Written for Genuine Article Press in 1999, as a new medium for television began to come to life. The 200-page book was underwritten by technology provider nCube as an excellent way to educate potential customers and partners about the emergence of video-on-demand. A great vehicle for establishing thought leadership in an important category.
Looking back today, it’s interesting to see that much of what was contemplated and theorized actually came true. Even more interesting to see that you can still buy a (used) copy on Amazon.
That was actually the name of an ill-fated Fox Television series. I have no idea what it was about. Rampaging elephants? Rabid bulldogs? Kittens hopped up on Benzedrine? Who knows, but it’s one of the little tidbits of history from the start-up of the Fox network, and it’s captured in this tidy little book review I wrote awhile back.
That’s what my mom used to tell us circa 1976 as my brother and I collapsed into a couch and squinted at a TV screen displaying, if memory serves, “Welcome Back, Kotter” or something of its ilk. The difference between now and then, as this column explains: Today you probably won’t even find two siblings in the same room watching television. According to the Kaiser Family Foundation, 68 percent of U.S. kids have their own TV set in their own room. (The other 32 percent are probably doing something horrible like playing outside.) My editorial aside: This is no organic, self-generating development. It’s actually very much in the economic interests of the TV biz to splinter audiences into lotsa little demographic vectors that can be packaged and sold to advertisers. Unfortunately, the price we pay is a generation of isolated little kids. I’m pretty certain Mr. Woodman (he was the principal in “Kotter”) would disapprove.
Anybody who ever tells you that conceiving, editing, organizing and producing a book is enjoyable is a bloody liar. What’s enjoyable is when it’s finally finished and you can fondle the thing whilst sipping Pinot Grigio. Still, this reprise of the original 2001 version of Definitive Broadband had its moments. Working with the masterful writer Leslie Ellis is always a delight; and reviewing final page proofs in the company of Lundwall Communications’ talented designer Tim Ingersoll was made all the more pleasant by the fact that he brews pretty good beer. (Which probably explains that one unfortunate typo. Or was it two?) If you’re a technology geek, or just like cool pictures and well-written explanations of things, you can order yourself a copy.
There are interesting stories tucked away in every nook and cranny of every obscure business. ThisÂ piece I wrote for Multichannel News testifies to that. It also involved a real-live news scoop, proving that sometimes if you nose around a bit you can’t help but find out something nobody else has reported. (In this case the pending sale of a company.)
Example of an executive summary-style report I researched and wrote for One Touch Intelligence, which probes the world of competitive telecommunications to help companies understand strategies and trends that affect their world.
Years ago a foolhardy crew of publishing folks, including a wonderful mentor, Tom Southwick, decided to start a weekly industry magazine that would compete with an established, dominant rival. We were too young then to know it was almost certain to fail. Which was a good thing, because somehow we actually made it work, sold it for real money, and went on to new adventures. Anyway, one of the reasons we made it was because of entrepreneurs like Peter Szabo, who, operating purely on a hunch, decided to support us with meaningful advertising dollars. Pete was this instinctive fellow with a twinkle in his eye…as if he knew a secret you didn’t. Pete died in 2006, and he’s missed. Here’s a bit about his professional life: this brief profile was, as you might imagine, no fun.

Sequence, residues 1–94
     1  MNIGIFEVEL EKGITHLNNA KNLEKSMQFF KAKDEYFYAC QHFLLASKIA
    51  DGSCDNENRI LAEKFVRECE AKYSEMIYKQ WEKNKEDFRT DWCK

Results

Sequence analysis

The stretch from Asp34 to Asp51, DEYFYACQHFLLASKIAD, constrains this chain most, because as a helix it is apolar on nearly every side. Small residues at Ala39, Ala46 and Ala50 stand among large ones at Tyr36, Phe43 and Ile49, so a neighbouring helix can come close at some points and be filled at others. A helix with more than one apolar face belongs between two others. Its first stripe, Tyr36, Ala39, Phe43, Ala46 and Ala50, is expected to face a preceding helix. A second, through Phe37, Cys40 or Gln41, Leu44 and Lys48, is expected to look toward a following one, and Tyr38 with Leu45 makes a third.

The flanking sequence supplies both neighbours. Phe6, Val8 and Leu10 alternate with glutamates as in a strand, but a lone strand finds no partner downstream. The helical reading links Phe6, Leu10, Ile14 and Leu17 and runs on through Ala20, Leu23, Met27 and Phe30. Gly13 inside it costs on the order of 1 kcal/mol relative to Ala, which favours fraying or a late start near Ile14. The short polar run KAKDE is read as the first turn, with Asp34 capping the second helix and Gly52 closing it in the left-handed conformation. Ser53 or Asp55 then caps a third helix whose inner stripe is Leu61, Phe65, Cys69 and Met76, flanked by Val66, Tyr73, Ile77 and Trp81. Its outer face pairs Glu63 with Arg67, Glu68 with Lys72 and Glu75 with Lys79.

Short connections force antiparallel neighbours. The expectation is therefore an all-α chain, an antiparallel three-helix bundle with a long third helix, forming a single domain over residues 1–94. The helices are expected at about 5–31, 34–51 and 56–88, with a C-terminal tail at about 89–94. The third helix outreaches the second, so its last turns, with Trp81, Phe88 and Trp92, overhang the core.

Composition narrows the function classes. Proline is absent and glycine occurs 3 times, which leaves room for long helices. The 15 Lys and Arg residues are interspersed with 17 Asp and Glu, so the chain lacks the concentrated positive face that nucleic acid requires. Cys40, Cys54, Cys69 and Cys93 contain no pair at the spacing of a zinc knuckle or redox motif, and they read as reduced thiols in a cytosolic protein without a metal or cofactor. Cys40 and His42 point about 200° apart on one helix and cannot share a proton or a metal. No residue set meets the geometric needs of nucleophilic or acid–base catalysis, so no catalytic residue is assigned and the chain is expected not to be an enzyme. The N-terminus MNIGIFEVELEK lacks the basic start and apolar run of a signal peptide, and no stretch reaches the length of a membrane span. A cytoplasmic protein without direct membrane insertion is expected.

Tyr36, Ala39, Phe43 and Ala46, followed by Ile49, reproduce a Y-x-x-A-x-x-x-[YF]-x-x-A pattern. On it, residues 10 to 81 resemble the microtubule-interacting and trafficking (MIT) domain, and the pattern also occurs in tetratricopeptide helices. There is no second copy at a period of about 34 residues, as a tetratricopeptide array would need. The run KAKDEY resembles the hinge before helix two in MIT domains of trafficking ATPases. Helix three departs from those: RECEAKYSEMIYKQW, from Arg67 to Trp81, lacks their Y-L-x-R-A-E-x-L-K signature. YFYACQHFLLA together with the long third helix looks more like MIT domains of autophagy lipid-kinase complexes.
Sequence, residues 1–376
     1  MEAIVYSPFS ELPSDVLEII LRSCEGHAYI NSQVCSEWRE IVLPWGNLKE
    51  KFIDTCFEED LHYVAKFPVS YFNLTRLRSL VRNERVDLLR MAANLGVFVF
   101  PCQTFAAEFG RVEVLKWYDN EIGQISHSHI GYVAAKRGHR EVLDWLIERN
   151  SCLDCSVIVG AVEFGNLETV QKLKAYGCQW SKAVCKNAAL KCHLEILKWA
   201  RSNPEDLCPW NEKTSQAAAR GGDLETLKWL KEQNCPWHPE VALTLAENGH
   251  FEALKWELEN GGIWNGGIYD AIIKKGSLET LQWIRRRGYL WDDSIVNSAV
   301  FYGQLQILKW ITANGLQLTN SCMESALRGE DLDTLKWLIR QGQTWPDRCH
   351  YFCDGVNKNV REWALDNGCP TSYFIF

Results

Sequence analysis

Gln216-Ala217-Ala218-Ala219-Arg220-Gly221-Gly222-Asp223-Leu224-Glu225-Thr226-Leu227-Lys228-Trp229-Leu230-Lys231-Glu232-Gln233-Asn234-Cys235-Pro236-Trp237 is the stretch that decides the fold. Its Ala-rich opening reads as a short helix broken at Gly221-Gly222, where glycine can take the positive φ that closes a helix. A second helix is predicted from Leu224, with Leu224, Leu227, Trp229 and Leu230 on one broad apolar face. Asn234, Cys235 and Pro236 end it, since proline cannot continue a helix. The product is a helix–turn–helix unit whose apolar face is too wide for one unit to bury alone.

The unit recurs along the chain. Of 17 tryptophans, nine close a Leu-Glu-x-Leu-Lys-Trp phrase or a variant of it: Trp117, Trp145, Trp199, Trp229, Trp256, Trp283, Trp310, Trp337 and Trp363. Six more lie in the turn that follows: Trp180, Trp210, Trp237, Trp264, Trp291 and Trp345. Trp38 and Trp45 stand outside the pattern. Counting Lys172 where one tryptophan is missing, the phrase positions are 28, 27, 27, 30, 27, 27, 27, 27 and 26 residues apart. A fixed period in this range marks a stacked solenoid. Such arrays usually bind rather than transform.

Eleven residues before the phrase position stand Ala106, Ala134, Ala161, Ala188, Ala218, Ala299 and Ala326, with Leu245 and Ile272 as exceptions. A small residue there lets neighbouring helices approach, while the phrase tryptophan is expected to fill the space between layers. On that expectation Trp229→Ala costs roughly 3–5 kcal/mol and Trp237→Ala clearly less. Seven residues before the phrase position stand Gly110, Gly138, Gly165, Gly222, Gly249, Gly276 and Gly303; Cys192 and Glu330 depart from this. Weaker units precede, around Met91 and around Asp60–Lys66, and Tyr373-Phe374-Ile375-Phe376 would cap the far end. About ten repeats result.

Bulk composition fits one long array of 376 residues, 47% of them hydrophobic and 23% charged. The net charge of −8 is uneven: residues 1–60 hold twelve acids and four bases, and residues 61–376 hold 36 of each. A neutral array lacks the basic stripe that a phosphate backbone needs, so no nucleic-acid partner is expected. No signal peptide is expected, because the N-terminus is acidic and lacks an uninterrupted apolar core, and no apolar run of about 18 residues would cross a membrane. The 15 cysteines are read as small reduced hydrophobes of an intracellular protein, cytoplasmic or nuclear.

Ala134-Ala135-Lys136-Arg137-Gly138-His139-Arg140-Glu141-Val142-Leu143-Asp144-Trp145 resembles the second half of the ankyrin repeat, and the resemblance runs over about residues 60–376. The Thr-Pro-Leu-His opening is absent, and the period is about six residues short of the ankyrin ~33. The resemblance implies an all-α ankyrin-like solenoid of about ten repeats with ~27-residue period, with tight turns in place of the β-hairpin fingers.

Fun intro on this profile of a mover-and-shaker in organized professional baseball who happens to be a Denver guy.
When I wrote this profile of then-troubled Qwest Communications, the stock traded at something like $1. By summer 2006 it was up to $9. Credit has to go to in large measure to chairman/CEO Richard Notebaert, who I described in this December 2004 ColoradoBiz article this way:
“The Qwest chairman will earn $4.6 million in compensation this year, but there is a quality of earnestness about Notebaert that makes it possible to imagine him as the union laborer he once was. The former Chicagoan is an animated conversationalist who peppers his language with phrases like ‘My gracious!’ He makes a point of replying directly to e-mail messages he receives from customers and employees alike.”
Pretty doe-eyed stuff, I suppose. But he had me at “hello.”
Didn’t know much about Colorado’s software industry before taking on this assignment for ColoradoBiz. I do now, thanks to the mag’s willingness to provide something unusual: enough time to interview gads of people. Biggest takeaway: It’s a sector typified by small, inventive companies with a keen knack for identifying niches.
Sidebar: One of the rewards of journalism is getting to talk to people you wouldn’t otherwise – like Nadine Lange, a fiery, candid, wonderful entrepreneur who bet her career on a hunch having something to do with the arcane world of mailroom processing. She seems to have won.